Don has taken on the project of rebuilding "Filipino taste" from the ground up, layering local ingredients until they alchemize into the flavors of home. In the process, he has accidentally — and inevitably — stumbled into some of the techniques of his adopted region's cuisine. His sinigang, soured with lemon, bears a resemblance to chikhirtma, a Georgian lemon-chicken soup. His papaitan gets its bitter kick from dried lemon peel, a common ingredient in nearby Iran.
Next, he wants to standardize his recipes with precise measurements, a process he learned from the high-end restaurants where he worked in Korea and Dubai, and to elevate the restaurant's atmosphere and presentation. "Maybe, after five years, some Georgian people will come and eat here in our restaurant," he said. "Maybe, in God's grace."
His ambition highlights Little Manila's idiosyncratic place in the global Filipino diaspora. As it currently operates, the restaurant isn't designed to introduce locals to Filipino cuisine, nor does it primarily serve Filipinos who live in Georgia. (There aren't many of those — about 25 households, according to the Consulate General of the Philippines in Tbilisi — in part because the volatile Georgian lari offers few incentives for economic migrants.) Its clientele are almost exclusively Filipino tourists. Little Manila only exists in Tbilisi because of a coalescence of bureaucratic and geographic coincidences, a product of the precarious, loophole-bound nature of OFW life.
Compared with Western countries, Georgia's borders are relatively open to Filipino passport holders; those with residence visas for GCC or OECD countries receive a visa on arrival, while those without can get an e-visa online for just $20 (no sponsors or interviews required). There are cheap and frequent flights to Tbilisi from many GCC countries, where job-seeking Filipinos often operate on visitor visas that require leaving the country every 30 to 90 days. Georgia is also one of the few Christian countries in the region. OFWs are savvy about the travel options that their documents allow, Don told me. "When we're abroad, some Filipinos are working for a long time," he said. "Sometimes they're trying to change the weather, change their mood. The answer is: travel anywhere they can easily get a visa."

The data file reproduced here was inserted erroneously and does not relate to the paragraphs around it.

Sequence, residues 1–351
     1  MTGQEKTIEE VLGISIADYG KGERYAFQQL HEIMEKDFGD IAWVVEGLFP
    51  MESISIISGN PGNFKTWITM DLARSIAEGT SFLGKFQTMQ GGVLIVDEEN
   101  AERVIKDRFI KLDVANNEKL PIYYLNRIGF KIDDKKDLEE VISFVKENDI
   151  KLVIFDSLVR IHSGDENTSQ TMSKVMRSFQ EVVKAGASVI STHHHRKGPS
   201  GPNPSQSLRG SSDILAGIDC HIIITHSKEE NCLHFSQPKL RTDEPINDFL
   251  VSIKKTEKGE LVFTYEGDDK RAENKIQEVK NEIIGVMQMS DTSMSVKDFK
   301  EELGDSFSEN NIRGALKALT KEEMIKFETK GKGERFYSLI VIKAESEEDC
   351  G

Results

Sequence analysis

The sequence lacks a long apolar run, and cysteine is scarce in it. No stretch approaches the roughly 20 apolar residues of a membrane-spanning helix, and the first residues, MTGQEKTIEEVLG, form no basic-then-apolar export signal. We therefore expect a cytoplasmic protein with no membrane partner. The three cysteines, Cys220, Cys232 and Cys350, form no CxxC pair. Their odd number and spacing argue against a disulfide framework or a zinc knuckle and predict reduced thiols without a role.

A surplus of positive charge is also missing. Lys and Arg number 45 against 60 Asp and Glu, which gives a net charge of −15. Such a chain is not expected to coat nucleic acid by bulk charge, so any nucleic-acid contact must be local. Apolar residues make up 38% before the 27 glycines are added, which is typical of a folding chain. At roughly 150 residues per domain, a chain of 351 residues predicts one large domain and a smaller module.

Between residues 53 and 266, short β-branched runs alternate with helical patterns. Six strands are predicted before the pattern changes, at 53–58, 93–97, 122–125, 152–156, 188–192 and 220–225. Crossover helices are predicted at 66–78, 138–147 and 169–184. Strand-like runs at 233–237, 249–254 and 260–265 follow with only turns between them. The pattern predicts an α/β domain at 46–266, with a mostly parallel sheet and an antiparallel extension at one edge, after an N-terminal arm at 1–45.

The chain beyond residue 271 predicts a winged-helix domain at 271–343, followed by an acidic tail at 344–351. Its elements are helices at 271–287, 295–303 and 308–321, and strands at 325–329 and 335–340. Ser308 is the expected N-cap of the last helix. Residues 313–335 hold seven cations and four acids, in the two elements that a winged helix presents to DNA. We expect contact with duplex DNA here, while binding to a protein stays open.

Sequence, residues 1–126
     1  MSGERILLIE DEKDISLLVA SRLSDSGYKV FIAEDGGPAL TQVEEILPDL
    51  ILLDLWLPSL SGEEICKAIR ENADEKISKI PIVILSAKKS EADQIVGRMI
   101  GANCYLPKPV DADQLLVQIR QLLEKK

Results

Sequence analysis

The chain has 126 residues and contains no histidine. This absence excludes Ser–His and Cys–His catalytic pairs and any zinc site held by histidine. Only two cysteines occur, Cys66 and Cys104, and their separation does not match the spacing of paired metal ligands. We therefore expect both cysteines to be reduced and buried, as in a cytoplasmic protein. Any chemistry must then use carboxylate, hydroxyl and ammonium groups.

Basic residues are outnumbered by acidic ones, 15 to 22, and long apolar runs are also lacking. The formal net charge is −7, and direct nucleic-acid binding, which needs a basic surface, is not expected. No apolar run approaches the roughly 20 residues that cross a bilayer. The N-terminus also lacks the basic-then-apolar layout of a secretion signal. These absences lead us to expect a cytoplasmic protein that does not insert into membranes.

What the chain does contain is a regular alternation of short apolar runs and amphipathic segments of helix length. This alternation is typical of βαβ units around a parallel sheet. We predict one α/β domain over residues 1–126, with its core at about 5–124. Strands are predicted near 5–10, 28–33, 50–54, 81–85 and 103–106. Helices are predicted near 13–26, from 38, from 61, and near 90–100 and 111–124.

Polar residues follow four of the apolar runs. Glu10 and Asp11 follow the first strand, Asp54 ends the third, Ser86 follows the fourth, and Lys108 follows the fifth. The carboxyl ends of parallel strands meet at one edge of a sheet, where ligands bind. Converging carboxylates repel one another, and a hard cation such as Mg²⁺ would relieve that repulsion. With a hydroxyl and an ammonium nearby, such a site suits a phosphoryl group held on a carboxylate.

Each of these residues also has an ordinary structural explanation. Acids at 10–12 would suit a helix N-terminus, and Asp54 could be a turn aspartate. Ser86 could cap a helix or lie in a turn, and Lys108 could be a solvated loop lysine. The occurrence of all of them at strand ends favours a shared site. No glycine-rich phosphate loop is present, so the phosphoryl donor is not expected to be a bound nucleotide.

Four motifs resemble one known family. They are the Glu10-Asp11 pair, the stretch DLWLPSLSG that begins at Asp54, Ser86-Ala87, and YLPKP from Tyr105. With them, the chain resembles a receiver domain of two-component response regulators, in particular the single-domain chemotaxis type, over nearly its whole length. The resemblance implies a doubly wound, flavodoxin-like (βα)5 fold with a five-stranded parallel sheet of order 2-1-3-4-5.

Don is enjoying the change in weather that came with accepting this Tbilisi gig, a favor to his friend Nante. A longtime mountain biker, he finds Georgia's green, spring-studded trails a revelation after years pedaling through the deserts around Dubai. When I met him in August, he had been in the country for three months and still wore the rose-tinted glasses of a newcomer. "You don't have anything bad to say about this country," he said. "Life here is very, very light. You can live happily here with peace of mind."
But he has a zen attitude towards the fate of Little Manila Grill & Resto. "If we have a future here, then we'll do it here," he said. "If not, we'll return back." Return where? That's up in the air. Don listed Iloilo, Japan or Switzerland as his next possible stops; Nante will continue hopping between Armenia, Manila, Dubai and Abu Dhabi whether or not Little Manila succeeds in Tbilisi.
It's all par for the course for two longtime members of the OFW community, a tribe trained to see the opportunities behind borders like a kind of X-ray vision. One thing's for sure: wherever he goes, Don will find a way to cook Filipino food, even when surrounded by culinary traditions as rich and unique as Georgia's. "We have Filipino food since we are birthed," he explained. "We have to have it. It's just our nature."
Little Manila Grill & Resto is located at 7 Ivane Machabeli St, Tbilisi 0105, Georgia.
+995 599 40 79 32
This article also appeared in edited form in Positively Filipino Magazine.